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Minarchist (Jeffersonian)
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Discussion Starter #1
I was wondering just how many different styles are out there.
when I get a new knife, I rough out the edge with a file, then work out the edge with progressively rougher stones, when I start the final sharpening, I use a very fine razor stone and sharpen it from the edge toward the spine of the blade, it takes some time to get it right, but when it's finished I'd put it against anyone else's

suggestions, arguments, or if you want to share your particular style, please do it here, for everyones benifit
 

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Well, for a knife I don't think I would use a file because I would be afraid to mess up the grind of it. I normally use files for machetes. But what I normally do for a knife is take a diamond sharpener and sharpen it with that untill its ground from the start of the edge to the end of it. Then I finish it up with a butcher steel. The only problem I have found with using the butchers steel is it tends to "roll" the edge of my knife and it's difficult to get the edge perfectly alligned. As for a stone I've never been able to get a razor edge on my knives using it for some odd reason. How does that work for 1095 steel?
 

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Minarchist (Jeffersonian)
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Discussion Starter #3
I don't know the designations of the different types of steel, I generally classify steel by it's behavour, If it is hard to cut with a file or stone, and will hold an edge for a long time under use it's probably some kind of high carbon steel
every thing I know comes from years of trial and error, you know like someone who plays a instument and doesnt even know the notes, or can pick up on any song but cant read sheet music

but my particular favorite steel is old black high carbon steel, it's real brittle but it will hold a edge for a long time,
I've never used a steel to sharpen a knife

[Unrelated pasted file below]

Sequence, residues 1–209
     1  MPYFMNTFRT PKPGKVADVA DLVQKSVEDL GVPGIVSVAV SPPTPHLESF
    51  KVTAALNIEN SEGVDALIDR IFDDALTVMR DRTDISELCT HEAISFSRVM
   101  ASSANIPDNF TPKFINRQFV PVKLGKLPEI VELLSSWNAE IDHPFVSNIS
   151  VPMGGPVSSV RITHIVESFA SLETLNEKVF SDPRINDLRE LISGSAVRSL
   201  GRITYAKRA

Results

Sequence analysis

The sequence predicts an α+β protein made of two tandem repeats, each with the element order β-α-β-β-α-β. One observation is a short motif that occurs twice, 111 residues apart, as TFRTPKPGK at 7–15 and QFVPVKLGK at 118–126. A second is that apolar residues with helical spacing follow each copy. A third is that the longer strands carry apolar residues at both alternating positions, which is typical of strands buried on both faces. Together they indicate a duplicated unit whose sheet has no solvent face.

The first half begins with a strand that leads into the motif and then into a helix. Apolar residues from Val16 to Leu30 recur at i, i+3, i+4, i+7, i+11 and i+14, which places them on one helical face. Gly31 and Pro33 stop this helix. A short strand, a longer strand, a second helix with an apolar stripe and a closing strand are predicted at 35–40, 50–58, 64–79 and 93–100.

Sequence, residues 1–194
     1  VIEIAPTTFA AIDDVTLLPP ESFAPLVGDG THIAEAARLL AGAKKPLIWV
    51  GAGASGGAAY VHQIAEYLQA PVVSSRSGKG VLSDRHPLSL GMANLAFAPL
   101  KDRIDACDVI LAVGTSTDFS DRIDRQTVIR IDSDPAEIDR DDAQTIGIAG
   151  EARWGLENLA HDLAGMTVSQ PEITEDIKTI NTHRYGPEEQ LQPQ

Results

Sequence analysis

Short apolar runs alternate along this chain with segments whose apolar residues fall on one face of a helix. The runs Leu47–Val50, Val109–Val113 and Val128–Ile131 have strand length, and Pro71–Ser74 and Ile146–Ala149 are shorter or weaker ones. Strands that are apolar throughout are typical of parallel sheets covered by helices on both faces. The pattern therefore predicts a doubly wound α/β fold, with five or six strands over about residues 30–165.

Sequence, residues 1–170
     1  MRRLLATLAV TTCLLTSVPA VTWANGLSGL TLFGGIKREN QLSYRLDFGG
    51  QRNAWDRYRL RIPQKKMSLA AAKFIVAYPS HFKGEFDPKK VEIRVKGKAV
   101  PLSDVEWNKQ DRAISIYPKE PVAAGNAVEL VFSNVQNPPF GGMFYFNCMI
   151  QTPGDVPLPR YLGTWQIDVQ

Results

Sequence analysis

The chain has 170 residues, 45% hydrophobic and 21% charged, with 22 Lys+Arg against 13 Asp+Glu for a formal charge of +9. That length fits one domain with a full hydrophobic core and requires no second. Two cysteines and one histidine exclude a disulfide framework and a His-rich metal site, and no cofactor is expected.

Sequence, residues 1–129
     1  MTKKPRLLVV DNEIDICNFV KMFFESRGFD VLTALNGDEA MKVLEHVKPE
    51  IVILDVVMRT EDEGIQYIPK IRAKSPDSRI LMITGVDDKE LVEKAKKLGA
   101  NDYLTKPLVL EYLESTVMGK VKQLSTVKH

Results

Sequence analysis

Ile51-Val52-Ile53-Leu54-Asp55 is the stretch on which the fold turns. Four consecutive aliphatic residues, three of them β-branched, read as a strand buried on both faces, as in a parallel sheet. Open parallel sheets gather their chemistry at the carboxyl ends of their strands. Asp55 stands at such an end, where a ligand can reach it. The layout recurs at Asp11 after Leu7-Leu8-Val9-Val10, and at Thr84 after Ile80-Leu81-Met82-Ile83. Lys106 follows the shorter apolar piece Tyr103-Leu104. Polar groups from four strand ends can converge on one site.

all I use is a file to start then a real rough stone, then medium grit, then fine, then extra fine, then a razor strap
I cut off the factory edge and make one I like, I generally pick the type of edge I want for the job I want to do with it
oh try this go to the store buy a peice of junk
then put it in a vise point up
using a normal flat file, starting from the tip angle the file 45 degrees tang up
sharpen from the tip
do it exactly the same on both sides of the blade starting from the spine
when you get it right, it's like a very fine saw with the teeth pointing toward the hilt
if you get it right it feels dull but will cut meat like butter
 

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Earthwalker.
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Diamond stone,then strop for a knife.

oil stone for a machete.

Butchers steel for food knife.

The only time you will see me use a file on a knife is if im making the knife,but this is at the start and then i progressivly work down the grits to fine and and then strop.
 

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Premium Member
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Before I say anything let me clarify that I'm not extensively experienced with knife sharpening. :(

A Fallkniven DC4 (it has diamond and ceramic sides), although it's small it does all of my touching up needs, then I put my foot through the loop of my leather belt and strop away.

This keeps my knives and GB small forest axe shaving sharp, I have a permanent bald spot on the side of my left forearm to prove it!
 

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Earthwalker.
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10,288 Posts
Before I say anything let me clarify that I'm not extensively experienced with knife sharpening. :(

A Fallkniven DC4 (it has diamond and ceramic sides), although it's small it does all of my touching up needs, then I put my foot through the loop of my leather belt and strop away.

This keeps my knives and GB small forest axe shaving sharp, I have a permanent bald spot on the side of my left forearm to prove it!
Haaa HAAA ive got that bold spot too.

I do the same with my belt,i loop it through the buckel and put my foot in the loop then hold the other end in my left hand and strop away,i do 25 strokes a side and i can shave with it.:thumb:
 

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Haaa HAAA ive got that bold spot too.

I do the same with my belt,i loop it through the buckel and put my foot in the loop then hold the other end in my left hand and strop away,i do 25 strokes a side and i can shave with it.:thumb:
Hahahaha!!! I guess its a knife people thing lol. I got so many bald spots on my arms its not even funny lol!